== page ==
The survey was completed by 123 students across Grades 3–5 and represented seven classrooms. Of the students who completed surveys 25% were in Grade 3, 31% were in Grade 4, and 44% were in Grade 5. Approximately 53% of the students were female, 78% were African American, and 19% were Hispanic or Latino. Reliabilities of the survey scales ranged from 0.56 to 0.72.


Student demographic and formative reading assessment (i-Ready) data were collected from the district at the end of the 2022–2023 school year for all K–5 students. The district administered the i-Ready assessment to all K–5 students multiple times during the year. The i-Ready assessment provides an overall Reading score and seven domain level scores: Vocabulary, Reading Comprehension - Literature, Reading Comprehension - Informational Text, Reading Comprehension - Overall, Phonological Awareness, High Frequency Words, and Phonics.

The MSTEP is Michigan’s annual assessment of students in Grades 3–8 and 11 and measures students’ achievement of state learning standards and readiness for college. For the purpose of this study, the 2021–2022 and 2022–2023 ELA average scaled scores for Grades 3–5 in Wayne County’s districts were utilized. Grade 3–5 ELA data were available for 33 school districts in Wayne County for both the 2021–2022 and 2022–2023 school years.


In-person focus groups were conducted in spring 2023 with kindergarten through Grade 5 teachers. A total of 16 teachers participated in the focus groups and represented each grade. During the focus groups, teachers were asked to describe the professional development or coaching they received to prepare them to implement Connected Solutions, how Connected Solutions and its associated programs were implemented in their classrooms, and their perceptions of the impact of Connected Solutions on teachers and students.


In-person interviews were conducted with four school administrators in spring 2023, representing each school (two administrators from one of the schools participated in a joint interview). During the interviews, school administrators were asked to describe how Connected Solutions was adopted and rolled out in their school, the professional development or coaching they participated in related to Connected Solutions, how Connected Solutions had been implemented in their schools, the extent to which they used the system’s various features, and their perceptions of the impact of Connected Solutions on themselves, teachers, and students.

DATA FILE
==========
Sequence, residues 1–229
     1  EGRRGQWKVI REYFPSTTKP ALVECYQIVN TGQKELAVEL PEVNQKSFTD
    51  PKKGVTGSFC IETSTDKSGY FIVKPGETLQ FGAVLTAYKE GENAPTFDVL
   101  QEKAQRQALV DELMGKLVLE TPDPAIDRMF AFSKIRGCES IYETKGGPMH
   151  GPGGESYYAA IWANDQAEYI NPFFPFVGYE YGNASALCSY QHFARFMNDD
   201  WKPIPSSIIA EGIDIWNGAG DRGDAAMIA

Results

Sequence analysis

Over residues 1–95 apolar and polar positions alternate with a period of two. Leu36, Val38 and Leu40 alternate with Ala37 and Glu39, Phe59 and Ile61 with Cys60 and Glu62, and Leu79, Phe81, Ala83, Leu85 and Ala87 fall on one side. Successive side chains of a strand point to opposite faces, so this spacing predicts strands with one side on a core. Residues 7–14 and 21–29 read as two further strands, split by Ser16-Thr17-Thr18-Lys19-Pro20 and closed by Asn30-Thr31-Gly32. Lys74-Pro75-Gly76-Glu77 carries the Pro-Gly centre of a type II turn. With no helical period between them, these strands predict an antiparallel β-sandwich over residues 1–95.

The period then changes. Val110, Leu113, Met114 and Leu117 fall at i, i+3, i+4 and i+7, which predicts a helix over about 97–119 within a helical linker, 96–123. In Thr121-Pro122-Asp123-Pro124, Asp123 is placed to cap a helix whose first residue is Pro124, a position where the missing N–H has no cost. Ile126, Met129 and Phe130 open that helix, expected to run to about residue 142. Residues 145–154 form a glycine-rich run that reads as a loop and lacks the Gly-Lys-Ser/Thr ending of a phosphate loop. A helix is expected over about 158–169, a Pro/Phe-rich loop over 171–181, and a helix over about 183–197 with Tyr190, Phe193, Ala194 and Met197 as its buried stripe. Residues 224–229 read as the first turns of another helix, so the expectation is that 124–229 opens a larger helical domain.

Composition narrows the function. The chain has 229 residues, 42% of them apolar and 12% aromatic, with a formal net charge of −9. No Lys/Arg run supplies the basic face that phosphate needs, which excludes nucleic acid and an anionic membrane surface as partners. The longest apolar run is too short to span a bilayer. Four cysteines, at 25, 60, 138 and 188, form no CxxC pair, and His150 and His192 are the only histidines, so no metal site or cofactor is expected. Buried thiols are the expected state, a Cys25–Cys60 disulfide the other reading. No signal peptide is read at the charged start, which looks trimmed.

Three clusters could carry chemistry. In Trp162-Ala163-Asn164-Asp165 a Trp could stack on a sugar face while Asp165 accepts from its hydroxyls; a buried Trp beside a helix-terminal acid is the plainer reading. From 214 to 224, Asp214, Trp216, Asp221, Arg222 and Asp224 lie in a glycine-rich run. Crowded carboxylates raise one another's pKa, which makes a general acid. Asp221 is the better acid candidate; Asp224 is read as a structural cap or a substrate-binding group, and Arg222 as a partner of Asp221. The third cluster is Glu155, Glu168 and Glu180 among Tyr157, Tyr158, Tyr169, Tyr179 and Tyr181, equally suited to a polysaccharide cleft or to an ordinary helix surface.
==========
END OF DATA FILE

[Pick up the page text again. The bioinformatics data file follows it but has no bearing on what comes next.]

The supports provided to educators to facilitate the implementation of Connected Solutions were examined using teacher and administrator focus group/interview data and responses on the teacher survey. Teachers who participated in focus groups reported having received varying levels of training and coaching associated with Connected Solutions provided by their school, district, and HMH. Kindergarten teachers reported having access to training three to four times a year that showed them how to navigate the Ed platform. Most elementary teachers and all middle school teachers reported having less access to training, receiving one or two introductory sessions since beginning implementation of Connected Solutions in their schools. Half of the participating teachers reported being aware of or using the online self-instructed training materials on the Ed platform.

Teachers frequently reported the need for additional training on Connected Solutions. Teachers indicated a need for additional guidance on navigating the Ed platform and finding resources and materials for themselves and their students. A few teachers reported watching online videos on the Ed platform of teachers using Connected Solutions and Into Reading that they found helpful.

On the survey, teachers were asked about the training and coaching they had received. Half of the teachers reported that they had not completed any of the six Teacher Success Pathways available through the Ed platform, one reported completing the “Inside the Into Reading Classroom” pathway, two completed “Prepare for your First Two Weeks,” and another two completed “Use Data to Differentiate Instruction.” All five of the teachers who completed at least one Teacher Success Pathway rated the overall quality of the Teacher Success Pathway topics as “good.”